A letter I submitted on behalf of Missouri GASP with the above title appeared in the St. Louis Post-Dispatch of 08/15/2009 (on-line here).
I submitted it before Councilwoman Barbara Fraser’s latest bill was introduced on Tuesday, Aug 11, which contained the additional surprise of the exemption for Lambert Airport’s smoking rooms. Given that Missouri GASP has been seeking a smoke-free Lambert Airport for at least 16 years, and the tobacco industry has been working hard to prevent that from happening, this was unwelcome news to say the least.
Certainly, it’s all the more reason to oppose this bill which is too flawed to fly. Much better to strip out all the undesirable exemptions for a clean bill or start over. Councilwoman Fraser’s heart is in the right place but her initiative has unfortunately gone awry. Here’s my published letter:
The headline “Smoking ban gets boost in council” (Aug. 5) belies the reality.
A good bill with some minor blemishes but no major exemptions was defeated in favor of a bill exempting small bars and casinos, which are major omissions. Additionally, even if the bill eventually is approved by the County Council, that only puts it on the November ballot, involving a costly fight and leaving plenty of room for deceptive opposition tactics.
If this were an impending flu epidemic, such action would be considered criminal negligence. Can we really compare this to an epidemic? Absolutely. The 2006 U.S. Surgeon General’s Report on secondhand smoke estimated 3,000 lung cancer deaths and tens of thousands of deaths because of heart disease every year among exposed nonsmokers in the United States.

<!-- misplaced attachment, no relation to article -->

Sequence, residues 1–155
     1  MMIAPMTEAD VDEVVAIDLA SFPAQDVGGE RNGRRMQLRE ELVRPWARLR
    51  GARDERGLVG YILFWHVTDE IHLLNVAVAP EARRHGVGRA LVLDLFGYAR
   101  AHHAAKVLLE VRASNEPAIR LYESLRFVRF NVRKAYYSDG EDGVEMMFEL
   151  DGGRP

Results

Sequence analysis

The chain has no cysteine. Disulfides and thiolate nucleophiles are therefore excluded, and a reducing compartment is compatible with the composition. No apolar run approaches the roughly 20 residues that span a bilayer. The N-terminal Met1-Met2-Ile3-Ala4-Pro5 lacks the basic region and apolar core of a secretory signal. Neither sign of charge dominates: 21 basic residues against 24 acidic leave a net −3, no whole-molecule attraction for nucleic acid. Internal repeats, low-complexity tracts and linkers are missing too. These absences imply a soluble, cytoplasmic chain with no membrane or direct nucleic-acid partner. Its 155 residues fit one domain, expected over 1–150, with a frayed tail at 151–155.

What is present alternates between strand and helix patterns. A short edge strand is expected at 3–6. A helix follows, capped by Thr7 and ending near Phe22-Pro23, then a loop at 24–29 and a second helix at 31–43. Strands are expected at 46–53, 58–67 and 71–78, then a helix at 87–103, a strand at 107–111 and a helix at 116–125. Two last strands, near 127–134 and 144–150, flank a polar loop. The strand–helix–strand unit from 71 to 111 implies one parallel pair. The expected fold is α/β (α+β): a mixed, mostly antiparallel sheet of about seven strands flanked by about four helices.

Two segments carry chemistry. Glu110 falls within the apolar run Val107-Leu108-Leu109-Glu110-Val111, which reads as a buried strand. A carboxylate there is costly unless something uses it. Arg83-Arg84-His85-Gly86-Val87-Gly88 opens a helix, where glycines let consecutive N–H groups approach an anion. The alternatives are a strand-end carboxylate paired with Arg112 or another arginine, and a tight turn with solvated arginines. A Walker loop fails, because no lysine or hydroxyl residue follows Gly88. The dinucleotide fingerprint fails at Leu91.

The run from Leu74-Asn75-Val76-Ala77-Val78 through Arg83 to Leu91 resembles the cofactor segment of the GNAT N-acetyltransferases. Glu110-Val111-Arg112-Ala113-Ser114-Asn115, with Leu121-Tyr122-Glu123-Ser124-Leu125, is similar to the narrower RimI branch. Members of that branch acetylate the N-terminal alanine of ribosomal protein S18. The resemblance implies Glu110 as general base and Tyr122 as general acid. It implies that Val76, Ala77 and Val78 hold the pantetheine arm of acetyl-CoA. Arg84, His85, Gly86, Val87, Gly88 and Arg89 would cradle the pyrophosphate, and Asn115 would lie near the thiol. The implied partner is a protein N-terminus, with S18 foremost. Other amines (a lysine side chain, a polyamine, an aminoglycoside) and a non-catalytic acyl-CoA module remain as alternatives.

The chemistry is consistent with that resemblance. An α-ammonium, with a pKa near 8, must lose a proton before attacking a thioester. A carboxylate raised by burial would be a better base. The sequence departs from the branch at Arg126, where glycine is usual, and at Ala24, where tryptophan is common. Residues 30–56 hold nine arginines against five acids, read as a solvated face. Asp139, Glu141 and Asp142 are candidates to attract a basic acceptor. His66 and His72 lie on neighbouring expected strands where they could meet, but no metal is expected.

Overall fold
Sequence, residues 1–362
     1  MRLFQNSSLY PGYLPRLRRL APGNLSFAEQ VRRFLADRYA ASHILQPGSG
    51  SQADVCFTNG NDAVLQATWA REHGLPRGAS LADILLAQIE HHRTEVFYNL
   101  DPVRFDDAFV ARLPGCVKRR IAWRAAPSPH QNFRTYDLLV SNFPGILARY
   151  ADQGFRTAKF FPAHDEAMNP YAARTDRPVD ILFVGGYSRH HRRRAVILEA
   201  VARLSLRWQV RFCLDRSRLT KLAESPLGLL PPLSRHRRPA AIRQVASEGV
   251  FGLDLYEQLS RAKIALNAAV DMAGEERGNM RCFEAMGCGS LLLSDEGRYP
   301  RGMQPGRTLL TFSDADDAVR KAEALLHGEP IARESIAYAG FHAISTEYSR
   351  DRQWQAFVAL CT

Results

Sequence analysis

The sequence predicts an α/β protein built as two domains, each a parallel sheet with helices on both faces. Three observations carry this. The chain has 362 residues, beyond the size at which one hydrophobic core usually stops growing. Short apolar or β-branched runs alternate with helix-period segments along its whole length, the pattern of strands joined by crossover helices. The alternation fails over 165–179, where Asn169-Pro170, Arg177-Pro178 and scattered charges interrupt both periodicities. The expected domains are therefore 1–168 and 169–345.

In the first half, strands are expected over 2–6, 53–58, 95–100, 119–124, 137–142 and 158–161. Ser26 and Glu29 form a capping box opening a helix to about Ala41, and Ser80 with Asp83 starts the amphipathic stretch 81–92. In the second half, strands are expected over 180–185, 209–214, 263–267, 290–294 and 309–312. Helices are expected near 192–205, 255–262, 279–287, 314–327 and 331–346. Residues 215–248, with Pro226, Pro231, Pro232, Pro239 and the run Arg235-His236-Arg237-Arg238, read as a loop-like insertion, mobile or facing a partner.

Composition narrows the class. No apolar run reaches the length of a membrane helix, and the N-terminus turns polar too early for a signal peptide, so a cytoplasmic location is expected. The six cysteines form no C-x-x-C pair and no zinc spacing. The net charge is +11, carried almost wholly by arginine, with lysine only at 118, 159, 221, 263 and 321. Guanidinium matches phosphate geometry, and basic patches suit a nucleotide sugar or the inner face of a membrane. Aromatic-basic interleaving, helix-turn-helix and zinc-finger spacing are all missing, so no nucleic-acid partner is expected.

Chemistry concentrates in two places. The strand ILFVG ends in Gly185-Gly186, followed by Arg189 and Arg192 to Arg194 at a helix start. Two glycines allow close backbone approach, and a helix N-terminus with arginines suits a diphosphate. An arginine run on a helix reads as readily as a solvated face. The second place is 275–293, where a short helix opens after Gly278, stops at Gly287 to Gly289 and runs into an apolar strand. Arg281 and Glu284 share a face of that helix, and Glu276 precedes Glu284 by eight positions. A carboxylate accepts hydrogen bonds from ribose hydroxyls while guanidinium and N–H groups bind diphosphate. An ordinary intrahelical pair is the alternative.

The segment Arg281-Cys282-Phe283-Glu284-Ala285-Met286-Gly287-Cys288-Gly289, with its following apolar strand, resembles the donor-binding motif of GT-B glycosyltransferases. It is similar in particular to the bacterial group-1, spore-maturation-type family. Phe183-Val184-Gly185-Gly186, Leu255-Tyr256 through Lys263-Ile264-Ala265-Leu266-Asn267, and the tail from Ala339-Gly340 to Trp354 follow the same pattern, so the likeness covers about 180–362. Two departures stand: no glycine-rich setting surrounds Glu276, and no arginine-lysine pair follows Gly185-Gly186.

The New York City health department estimated 1,000 residents were dying annually from secondhand smoke prior to its comprehensive Smoke Free Air Act, which went into effect in March 2003.
The Missouri Department of Health and Human Services’ latest data for 2007 reveals that only 18.6 percent of adults in St. Louis County smoke. That greatly undermines the fear-mongering economic arguments opponents make.
Missouri GASP previously believed that the goal of smoke-free air could only be achieved incrementally, which has proved both slow and uncertain. Clayton’s approach, demonstrating how an informed council can act decisively and enact a strong comprehensive ordinance, is clearly better.
Even tobacco states are leading the way. I attended a conference in mid-July 2007, in Louisville, Ky., and was surprised to find all the restaurants and bars had gone smoke-free just two weeks earlier.
What’s stopping the St. Louis County Council?
Martin Pion — St. Louis County
President, Missouri GASP (Group Against Smoking Pollution) Inc.